Independent design review panels offer a chance for public sector planning departments to tap into private sector expertise and knowledge, writes Dav Bansal
As cities increasingly struggle with resources and urban design expertise in planning and regeneration departments, the role of independent design and quality review panels is more important than ever in guaranteeing the quality of inner-city developments.
Historically, when cities had large and fully resourced planning departments, independent panels may not have held such great significance. Today, however, not every council can afford to have a full remit of qualified architects, town planners, engineers, and sustainability experts in-house. Design review panels frequently include every specialism from ecologists to highway consultants and flood risk engineers to conservation specialists - and cities stand to benefit hugely from plugging into this full range of expertise.
In particular, panels offer a chance for public sector planning departments to tap into private sector expertise and knowledge share with those working day-in day-out with complex urban developments. To retain quality through challenging times, they represent a great way for cities to work smarter. And yet, in many cases, despite the challenges local authorities face, review panels are still not utilised to their full advantage.
Drawing on our own experience at Howells, a good sounding board for an application is invaluable for architects and developers to gain wide-ranging advice on how to improve a proposal, to challenge their thoughts and to raise issues that may have been overlooked at the early design stages. Panels also serve to support planning departments with the very complex decisions they routinely face around issues such as high-density housing, public realm, and regeneration – building confidence, as well as encouraging better quality buildings and environments.
For cities like Birmingham, undergoing change at a phenomenal rate, it is more important than ever that local authorities engage in rigorous, fair, and open conversation about the built environment with experienced practitioners - and that they welcome and respond to challenges posed. What’s more, an independent design review panel offers the opportunity for cities from different parts of the UK undergoing similar challenges to learn from one another – on issues of sustainability, embodied carbon, landscaping, inclusivity, and wellbeing. With all of this on offer, city projects should never simply be the result of a conversation between architect and planner.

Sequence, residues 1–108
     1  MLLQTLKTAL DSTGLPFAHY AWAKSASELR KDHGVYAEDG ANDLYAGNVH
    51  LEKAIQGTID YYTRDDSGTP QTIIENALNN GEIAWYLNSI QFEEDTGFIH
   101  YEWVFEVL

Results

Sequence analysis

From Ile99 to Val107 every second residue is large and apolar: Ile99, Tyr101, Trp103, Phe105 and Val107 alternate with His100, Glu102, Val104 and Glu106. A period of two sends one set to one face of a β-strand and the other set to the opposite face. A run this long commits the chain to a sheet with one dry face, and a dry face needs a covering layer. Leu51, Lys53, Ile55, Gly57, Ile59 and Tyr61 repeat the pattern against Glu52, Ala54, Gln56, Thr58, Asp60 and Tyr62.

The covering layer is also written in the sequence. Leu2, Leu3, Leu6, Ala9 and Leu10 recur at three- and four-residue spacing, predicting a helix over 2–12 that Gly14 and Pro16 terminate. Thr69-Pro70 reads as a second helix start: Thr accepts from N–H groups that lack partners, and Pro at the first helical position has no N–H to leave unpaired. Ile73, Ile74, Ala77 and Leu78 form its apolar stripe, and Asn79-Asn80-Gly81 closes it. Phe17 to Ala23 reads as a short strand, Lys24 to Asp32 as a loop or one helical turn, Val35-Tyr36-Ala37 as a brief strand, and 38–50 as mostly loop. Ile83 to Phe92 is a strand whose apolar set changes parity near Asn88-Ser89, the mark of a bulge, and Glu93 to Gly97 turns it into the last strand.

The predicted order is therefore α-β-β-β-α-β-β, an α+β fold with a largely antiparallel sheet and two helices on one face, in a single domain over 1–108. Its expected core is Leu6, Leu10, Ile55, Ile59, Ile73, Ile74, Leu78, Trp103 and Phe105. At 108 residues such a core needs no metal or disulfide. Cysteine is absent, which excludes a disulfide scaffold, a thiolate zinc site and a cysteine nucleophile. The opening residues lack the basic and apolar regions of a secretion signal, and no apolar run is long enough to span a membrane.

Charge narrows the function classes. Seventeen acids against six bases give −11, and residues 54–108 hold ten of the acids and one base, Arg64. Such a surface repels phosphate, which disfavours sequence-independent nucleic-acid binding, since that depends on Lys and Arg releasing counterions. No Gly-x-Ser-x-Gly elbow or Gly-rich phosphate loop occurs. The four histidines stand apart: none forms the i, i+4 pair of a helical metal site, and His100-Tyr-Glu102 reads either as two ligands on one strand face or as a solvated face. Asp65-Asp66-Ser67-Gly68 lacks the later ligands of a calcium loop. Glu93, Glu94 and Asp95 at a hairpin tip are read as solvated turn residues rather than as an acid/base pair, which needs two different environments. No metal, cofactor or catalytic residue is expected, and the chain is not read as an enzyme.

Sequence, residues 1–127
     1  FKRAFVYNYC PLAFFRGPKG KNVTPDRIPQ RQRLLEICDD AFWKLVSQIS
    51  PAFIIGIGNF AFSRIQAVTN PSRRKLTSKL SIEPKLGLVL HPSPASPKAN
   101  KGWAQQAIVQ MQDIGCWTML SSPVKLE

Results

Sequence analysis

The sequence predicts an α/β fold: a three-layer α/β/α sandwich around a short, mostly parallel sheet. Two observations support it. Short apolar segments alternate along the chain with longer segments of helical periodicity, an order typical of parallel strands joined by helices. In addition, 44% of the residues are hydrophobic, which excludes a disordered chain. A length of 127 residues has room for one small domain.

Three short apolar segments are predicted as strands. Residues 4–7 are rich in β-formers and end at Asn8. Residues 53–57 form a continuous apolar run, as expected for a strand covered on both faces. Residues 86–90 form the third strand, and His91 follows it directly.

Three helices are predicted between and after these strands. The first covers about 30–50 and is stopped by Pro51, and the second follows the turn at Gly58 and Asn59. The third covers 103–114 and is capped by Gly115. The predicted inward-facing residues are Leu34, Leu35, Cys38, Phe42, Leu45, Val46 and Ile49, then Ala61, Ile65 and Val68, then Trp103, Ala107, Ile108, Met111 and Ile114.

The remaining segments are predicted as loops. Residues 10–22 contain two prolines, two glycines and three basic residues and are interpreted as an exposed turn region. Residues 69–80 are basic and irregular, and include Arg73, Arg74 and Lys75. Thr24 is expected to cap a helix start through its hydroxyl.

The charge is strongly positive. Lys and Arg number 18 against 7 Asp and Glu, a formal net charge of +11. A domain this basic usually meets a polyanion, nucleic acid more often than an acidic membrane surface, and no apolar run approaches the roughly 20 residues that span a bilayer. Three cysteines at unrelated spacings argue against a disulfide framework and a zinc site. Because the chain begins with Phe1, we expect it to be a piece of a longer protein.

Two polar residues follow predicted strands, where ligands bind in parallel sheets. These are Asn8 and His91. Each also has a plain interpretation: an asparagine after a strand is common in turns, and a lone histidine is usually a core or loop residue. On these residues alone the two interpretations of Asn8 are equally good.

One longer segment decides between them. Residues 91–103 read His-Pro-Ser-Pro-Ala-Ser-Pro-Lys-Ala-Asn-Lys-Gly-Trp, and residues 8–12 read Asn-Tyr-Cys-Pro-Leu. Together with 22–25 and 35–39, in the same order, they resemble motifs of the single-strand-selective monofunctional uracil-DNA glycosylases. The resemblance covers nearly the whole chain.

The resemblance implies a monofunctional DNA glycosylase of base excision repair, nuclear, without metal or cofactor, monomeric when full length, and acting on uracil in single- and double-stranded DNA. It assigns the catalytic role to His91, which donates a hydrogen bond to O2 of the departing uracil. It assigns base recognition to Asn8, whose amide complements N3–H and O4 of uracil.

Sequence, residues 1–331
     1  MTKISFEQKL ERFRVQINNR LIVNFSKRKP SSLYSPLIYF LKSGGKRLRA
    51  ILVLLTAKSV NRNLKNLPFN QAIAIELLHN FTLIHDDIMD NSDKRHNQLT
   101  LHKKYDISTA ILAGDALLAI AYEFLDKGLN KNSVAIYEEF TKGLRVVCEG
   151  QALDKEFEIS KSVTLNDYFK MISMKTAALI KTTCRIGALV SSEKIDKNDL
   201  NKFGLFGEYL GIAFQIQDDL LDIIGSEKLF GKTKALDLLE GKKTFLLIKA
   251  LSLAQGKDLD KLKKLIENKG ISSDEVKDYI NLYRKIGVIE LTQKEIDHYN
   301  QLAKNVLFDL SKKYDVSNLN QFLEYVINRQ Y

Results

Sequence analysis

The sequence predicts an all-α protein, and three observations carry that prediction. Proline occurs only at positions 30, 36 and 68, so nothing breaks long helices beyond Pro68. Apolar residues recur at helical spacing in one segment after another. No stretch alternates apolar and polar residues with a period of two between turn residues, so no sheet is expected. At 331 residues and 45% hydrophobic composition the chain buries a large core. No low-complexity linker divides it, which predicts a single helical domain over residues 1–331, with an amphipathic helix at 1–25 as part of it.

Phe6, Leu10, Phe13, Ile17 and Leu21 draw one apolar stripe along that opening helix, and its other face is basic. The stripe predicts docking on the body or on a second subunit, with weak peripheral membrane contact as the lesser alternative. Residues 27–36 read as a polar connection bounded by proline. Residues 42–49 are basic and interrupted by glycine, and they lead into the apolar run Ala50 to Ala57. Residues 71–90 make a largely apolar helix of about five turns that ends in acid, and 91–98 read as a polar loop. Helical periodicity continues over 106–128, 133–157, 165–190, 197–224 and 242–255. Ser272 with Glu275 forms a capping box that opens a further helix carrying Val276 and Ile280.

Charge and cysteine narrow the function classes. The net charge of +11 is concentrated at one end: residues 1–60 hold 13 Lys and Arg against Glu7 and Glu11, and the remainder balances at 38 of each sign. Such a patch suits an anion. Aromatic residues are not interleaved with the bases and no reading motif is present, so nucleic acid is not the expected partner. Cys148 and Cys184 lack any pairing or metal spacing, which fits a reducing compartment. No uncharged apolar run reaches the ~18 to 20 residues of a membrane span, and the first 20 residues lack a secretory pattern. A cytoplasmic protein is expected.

At a national level, with the conversations going on around design coding within the planning system, the role that independent panels can play may become more critical still. If these codes are too prescriptive, they inhibit innovation, but if they are not prescriptive enough, they leave room for misinterpretation. If we haven’t got the right governance to review prospective projects against national codes, we cannot build successful cities on the back of them. Getting design review panels to play a key role in translating design codes into built environments could then be crucial in helping the government to implement its ambitions of building quality alongside quantity.
Of course, as it stands, feedback from a design review is not binding in any way, and does not have to be adhered to. Each party can take away from it what they feel is valuable, from a sustainability, social, or city perspective, to improve the quality of a scheme. But it is very much in the hands of planning departments to encourage and support all major projects to engage with the process.
There is also the issue that design review panels can only be effective if they are relevant, and representative of the communities they serve, and the selection process is something that needs to be carefully considered. That’s why we have organisations like Frame Projects, which manages quality review panels for many London boroughs, to recruit panels impartially - seeking out the best balance of people, disciplines, perspectives, and backgrounds.
And finally, getting the dynamic right with an independent panel may itself be a process, but it is important to remember that a design or quality review panel is not there to cause hindrance to the planning process, it is there to enrich and to enhance it. A panel is there to play the role of critical friend - and every city can benefit from one of these.
Dav Bansal is a partner at Howells